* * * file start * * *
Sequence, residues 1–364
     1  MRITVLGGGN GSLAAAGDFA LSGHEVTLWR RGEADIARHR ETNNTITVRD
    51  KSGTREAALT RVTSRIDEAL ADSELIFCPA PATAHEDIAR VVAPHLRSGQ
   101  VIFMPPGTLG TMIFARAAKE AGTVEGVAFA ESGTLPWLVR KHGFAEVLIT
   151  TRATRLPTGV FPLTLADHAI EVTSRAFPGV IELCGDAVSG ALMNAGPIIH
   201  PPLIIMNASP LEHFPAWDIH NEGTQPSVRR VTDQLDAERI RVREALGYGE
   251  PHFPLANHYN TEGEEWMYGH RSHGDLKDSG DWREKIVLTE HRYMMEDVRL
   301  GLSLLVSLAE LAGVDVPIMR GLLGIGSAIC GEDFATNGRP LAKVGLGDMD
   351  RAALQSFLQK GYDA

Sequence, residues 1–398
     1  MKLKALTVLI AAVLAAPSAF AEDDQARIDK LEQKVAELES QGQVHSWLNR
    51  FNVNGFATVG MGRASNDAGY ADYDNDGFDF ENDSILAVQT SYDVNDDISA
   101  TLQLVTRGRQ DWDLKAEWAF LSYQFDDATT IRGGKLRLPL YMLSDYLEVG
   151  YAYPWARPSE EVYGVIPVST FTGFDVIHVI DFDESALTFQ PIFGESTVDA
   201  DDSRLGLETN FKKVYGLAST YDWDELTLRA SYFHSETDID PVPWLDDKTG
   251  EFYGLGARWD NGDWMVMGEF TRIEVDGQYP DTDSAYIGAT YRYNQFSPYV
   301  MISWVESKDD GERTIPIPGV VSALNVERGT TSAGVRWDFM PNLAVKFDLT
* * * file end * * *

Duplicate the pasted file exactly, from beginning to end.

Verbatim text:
Sequence, residues 1–364
     1  MRITVLGGGN GSLAAAGDFA LSGHEVTLWR RGEADIARHR ETNNTITVRD
    51  KSGTREAALT RVTSRIDEAL ADSELIFCPA PATAHEDIAR VVAPHLRSGQ
   101  VIFMPPGTLG TMIFARAAKE AGTVEGVAFA ESGTLPWLVR KHGFAEVLIT
   151  TRATRLPTGV FPLTLADHAI EVTSRAFPGV IELCGDAVSG ALMNAGPIIH
   201  PPLIIMNASP LEHFPAWDIH NEGTQPSVRR VTDQLDAERI RVREALGYGE
   251  PHFPLANHYN TEGEEWMYGH RSHGDLKDSG DWREKIVLTE HRYMMEDVRL
   301  GLSLLVSLAE LAGVDVPIMR GLLGIGSAIC GEDFATNGRP LAKVGLGDMD
   351  RAALQSFLQK GYDA

Sequence, residues 1–398
     1  MKLKALTVLI AAVLAAPSAF AEDDQARIDK LEQKVAELES QGQVHSWLNR
    51  FNVNGFATVG MGRASNDAGY ADYDNDGFDF ENDSILAVQT SYDVNDDISA
   101  TLQLVTRGRQ DWDLKAEWAF LSYQFDDATT IRGGKLRLPL YMLSDYLEVG
   151  YAYPWARPSE EVYGVIPVST FTGFDVIHVI DFDESALTFQ PIFGESTVDA
   201  DDSRLGLETN FKKVYGLAST YDWDELTLRA SYFHSETDID PVPWLDDKTG
   251  EFYGLGARWD NGDWMVMGEF TRIEVDGQYP DTDSAYIGAT YRYNQFSPYV
   301  MISWVESKDD GERTIPIPGV VSALNVERGT TSAGVRWDFM PNLAVKFDLT